Articles  |   November 2015
SEE Question
Article Information
Neuromuscular Diseases and Drugs / Pain Medicine / Pharmacology / Articles
Articles   |   November 2015
SEE Question
ASA Monitor 11 2015, Vol.79, 46.
ASA Monitor 11 2015, Vol.79, 46.
According to a recent study, which of the following best describes the effect of adding a magnesium infusion (8 mg/kg/h) to an anesthetic regimen for scoliosis repair?
Scoliosis surgery is frequently associated with a painful recovery. Although opioids are the mainstay of postoperative analgesia, they are associated with many side effects, including nausea, pruritus, constipation, respiratory depression and hyperalgesia. Recent evidence suggests that a multimodal pharmacologic approach to pain management that includes acetaminophen and N-methyl-d-aspartate (NMDA) antagonists (e.g., ketamine, magnesium) is effective in providing adequate analgesia, minimizing opioid consumption and mitigating the undesirable side effects of opioid analgesics.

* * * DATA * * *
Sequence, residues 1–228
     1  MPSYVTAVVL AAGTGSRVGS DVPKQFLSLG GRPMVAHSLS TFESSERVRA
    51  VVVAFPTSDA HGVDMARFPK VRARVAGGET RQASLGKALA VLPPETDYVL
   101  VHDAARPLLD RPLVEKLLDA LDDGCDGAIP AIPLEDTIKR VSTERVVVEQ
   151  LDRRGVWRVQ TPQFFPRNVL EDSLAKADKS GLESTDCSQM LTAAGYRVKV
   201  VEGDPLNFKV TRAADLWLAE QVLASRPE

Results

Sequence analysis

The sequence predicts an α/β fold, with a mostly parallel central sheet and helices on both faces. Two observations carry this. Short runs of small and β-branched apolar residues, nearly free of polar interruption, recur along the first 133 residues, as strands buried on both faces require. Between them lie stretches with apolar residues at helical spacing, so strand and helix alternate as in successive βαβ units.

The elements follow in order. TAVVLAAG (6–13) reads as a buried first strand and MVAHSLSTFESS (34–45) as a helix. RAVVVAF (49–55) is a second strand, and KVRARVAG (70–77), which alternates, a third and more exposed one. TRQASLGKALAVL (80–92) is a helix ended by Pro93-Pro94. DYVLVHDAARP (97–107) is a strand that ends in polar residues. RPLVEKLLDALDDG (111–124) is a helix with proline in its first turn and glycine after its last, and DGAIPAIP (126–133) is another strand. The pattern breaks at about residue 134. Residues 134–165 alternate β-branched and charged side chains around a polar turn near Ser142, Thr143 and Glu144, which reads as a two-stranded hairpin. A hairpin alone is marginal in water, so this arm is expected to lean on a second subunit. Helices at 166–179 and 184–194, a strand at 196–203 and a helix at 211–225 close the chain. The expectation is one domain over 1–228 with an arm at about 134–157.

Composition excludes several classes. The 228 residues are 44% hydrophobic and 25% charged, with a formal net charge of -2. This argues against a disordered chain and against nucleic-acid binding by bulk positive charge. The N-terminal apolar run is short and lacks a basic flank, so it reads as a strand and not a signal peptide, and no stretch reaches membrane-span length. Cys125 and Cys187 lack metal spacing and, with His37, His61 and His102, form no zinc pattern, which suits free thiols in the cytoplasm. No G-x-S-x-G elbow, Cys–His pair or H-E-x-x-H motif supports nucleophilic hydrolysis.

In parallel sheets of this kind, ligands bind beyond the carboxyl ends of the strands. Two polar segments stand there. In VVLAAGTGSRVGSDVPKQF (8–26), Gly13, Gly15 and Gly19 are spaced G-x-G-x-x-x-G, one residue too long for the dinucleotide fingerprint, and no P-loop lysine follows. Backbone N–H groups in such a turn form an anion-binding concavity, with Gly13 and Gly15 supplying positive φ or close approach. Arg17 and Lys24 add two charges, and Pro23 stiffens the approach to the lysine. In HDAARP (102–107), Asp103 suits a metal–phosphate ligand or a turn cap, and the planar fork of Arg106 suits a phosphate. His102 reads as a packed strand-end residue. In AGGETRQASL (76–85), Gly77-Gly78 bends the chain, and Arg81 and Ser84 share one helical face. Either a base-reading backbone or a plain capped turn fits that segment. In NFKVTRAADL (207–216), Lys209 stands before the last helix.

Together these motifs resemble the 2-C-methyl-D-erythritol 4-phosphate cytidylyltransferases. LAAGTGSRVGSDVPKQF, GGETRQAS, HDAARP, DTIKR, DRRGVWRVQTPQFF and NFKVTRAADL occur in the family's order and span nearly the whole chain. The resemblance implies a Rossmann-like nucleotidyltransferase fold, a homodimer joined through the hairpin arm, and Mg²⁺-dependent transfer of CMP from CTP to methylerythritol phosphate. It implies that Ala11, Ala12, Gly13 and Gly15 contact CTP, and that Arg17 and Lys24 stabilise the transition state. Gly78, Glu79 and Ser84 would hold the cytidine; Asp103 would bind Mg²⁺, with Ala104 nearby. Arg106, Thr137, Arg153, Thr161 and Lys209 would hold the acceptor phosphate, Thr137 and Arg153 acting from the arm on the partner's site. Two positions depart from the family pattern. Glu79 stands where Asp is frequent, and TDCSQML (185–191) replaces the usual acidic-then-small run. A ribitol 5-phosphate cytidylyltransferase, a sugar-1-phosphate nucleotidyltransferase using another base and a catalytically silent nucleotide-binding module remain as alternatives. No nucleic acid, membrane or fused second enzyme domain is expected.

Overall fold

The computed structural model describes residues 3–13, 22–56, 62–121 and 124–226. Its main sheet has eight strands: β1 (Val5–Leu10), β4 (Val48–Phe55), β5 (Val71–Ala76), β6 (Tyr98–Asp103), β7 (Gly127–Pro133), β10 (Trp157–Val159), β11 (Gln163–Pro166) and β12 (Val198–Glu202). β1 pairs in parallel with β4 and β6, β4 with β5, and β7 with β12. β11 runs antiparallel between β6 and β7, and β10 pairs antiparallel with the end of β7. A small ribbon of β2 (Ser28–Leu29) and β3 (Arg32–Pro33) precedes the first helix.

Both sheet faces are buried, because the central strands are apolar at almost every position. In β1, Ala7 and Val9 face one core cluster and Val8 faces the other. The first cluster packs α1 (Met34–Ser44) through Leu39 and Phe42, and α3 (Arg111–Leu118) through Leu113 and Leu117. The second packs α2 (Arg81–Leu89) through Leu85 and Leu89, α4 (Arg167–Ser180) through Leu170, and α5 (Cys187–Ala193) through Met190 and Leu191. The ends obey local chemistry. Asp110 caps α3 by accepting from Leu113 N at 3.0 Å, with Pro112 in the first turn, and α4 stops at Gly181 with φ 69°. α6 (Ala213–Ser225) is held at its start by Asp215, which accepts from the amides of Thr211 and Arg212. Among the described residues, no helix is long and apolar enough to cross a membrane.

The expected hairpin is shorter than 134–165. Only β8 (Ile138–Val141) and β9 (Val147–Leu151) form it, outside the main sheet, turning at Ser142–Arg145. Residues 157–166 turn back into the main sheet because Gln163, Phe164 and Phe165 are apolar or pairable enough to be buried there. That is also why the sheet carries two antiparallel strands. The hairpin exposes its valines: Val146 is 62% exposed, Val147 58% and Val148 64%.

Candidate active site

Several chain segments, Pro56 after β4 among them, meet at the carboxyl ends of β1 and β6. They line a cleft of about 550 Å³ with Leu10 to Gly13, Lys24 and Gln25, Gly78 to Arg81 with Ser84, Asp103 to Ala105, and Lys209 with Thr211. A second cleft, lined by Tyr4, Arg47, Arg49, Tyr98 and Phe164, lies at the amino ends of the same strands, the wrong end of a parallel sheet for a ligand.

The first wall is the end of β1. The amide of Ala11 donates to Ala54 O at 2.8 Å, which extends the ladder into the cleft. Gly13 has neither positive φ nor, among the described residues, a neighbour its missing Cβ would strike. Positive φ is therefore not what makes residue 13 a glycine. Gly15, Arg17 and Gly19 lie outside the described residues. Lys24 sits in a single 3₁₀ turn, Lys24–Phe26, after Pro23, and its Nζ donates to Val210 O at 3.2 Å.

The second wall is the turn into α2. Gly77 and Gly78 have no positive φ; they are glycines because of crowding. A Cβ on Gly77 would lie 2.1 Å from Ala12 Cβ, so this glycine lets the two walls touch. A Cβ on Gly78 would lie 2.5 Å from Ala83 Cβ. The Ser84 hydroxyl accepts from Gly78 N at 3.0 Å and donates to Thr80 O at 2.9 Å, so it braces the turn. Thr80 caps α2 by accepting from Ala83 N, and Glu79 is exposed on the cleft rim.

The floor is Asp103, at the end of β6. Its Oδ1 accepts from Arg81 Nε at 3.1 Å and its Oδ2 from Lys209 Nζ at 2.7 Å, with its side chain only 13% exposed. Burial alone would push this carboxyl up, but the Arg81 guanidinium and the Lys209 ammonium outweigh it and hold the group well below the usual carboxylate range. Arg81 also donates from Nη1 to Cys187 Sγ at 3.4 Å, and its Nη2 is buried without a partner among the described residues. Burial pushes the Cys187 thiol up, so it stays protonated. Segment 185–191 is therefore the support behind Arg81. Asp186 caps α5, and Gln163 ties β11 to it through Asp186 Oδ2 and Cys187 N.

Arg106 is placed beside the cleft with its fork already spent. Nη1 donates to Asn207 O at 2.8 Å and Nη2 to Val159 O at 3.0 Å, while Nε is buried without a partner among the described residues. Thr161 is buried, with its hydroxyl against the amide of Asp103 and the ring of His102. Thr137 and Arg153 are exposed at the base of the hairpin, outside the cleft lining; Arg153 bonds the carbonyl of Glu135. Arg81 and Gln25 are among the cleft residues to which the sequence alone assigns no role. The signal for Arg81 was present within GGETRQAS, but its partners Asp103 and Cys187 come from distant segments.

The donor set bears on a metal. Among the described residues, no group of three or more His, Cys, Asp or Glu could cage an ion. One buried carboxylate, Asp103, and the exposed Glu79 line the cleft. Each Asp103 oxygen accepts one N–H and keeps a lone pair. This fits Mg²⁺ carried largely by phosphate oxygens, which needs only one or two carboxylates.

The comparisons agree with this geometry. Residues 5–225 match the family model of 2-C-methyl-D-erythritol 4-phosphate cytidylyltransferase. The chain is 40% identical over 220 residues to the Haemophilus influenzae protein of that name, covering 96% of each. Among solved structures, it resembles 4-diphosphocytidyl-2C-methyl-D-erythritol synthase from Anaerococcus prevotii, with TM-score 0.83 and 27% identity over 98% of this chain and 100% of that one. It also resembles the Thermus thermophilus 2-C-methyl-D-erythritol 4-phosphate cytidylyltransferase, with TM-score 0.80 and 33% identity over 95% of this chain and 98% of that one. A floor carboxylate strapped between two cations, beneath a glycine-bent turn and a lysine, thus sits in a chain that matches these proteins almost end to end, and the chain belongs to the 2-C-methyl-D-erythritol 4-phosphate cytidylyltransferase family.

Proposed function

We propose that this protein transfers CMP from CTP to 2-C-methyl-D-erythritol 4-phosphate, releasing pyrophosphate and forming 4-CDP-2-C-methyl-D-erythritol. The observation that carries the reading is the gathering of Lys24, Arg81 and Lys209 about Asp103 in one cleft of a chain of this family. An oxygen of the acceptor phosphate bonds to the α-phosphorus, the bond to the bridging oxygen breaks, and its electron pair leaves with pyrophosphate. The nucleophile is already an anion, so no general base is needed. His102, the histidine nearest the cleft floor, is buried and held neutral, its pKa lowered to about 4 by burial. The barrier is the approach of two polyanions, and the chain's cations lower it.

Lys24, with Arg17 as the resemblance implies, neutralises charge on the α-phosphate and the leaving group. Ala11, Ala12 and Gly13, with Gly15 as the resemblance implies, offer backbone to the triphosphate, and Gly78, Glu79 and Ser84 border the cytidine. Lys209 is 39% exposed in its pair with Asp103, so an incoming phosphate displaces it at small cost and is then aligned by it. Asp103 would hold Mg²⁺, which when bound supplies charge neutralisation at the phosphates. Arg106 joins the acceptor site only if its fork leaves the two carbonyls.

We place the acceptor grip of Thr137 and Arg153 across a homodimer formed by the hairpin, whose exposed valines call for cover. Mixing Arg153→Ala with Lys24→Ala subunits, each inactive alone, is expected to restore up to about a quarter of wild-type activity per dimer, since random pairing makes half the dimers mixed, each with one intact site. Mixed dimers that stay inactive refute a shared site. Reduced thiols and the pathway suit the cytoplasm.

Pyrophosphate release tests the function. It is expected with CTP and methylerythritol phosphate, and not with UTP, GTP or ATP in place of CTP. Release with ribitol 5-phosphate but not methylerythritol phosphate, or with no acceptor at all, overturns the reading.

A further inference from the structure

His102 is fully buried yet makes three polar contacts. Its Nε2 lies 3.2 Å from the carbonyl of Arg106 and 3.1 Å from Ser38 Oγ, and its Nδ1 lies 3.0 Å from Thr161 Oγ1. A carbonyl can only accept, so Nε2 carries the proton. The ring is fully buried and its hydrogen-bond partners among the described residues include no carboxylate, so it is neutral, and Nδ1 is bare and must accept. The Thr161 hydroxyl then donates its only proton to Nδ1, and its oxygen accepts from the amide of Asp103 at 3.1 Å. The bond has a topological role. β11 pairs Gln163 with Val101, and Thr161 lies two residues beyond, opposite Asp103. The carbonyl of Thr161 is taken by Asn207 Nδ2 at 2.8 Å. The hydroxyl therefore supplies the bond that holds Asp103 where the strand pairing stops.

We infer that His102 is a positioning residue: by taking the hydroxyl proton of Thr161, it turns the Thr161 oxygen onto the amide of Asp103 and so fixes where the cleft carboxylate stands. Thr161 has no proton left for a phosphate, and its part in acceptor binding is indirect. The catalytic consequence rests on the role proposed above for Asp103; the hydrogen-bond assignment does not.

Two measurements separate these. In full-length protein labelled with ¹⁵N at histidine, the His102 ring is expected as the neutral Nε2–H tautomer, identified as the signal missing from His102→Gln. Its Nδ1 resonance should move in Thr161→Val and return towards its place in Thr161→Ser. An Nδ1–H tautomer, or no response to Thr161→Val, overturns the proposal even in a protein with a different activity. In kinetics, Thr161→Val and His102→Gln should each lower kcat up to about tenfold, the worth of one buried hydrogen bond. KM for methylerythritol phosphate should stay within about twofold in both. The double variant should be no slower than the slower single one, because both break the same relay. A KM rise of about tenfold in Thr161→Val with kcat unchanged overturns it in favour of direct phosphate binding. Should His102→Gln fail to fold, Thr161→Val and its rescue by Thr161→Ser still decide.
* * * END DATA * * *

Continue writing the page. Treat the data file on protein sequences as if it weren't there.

A recent prospective, double-blind, randomized study investigated the morphine-sparing effect of the addition of a magnesium infusion to the anesthetic for 50 patients undergoing scoliosis repair. All patients received a standardized induction and anesthetic maintenance titrated to a bispectral index value between 40 and 60 and mean arterial pressure between 65 and 70 mm Hg. Anesthesia maintenance consisted of a continuous infusion of remifentanil (0.05-0.25 µg/kg/min), sevoflurane (1.2 minimum alveolar concentration), 60 percent nitrous oxide, and 40 percent oxygen. Rocuronium was titrated to one twitch on train-of-four. After induction, all patients received a ketamine bolus of 0.2 mg/kg, followed by continuous infusion of 0.15 mg/kg/h until extubation. Patients in the intervention group also received an intravenous (I.V.) bolus of magnesium 50 mg/kg, followed by a continuous infusion of 8 mg/kg/h until extubation. Those in the placebo group received an equal volume of normal saline. Upon extubation, patients were treated with I.V. acetaminophen, ketoprofen, and morphine, titrated until a score of three was reached on a 10-point visual analog scale (VAS) for pain. Morphine consumption, VAS scores, side effects, sleep quality and patient satisfaction were recorded until 48 hours postoperatively.
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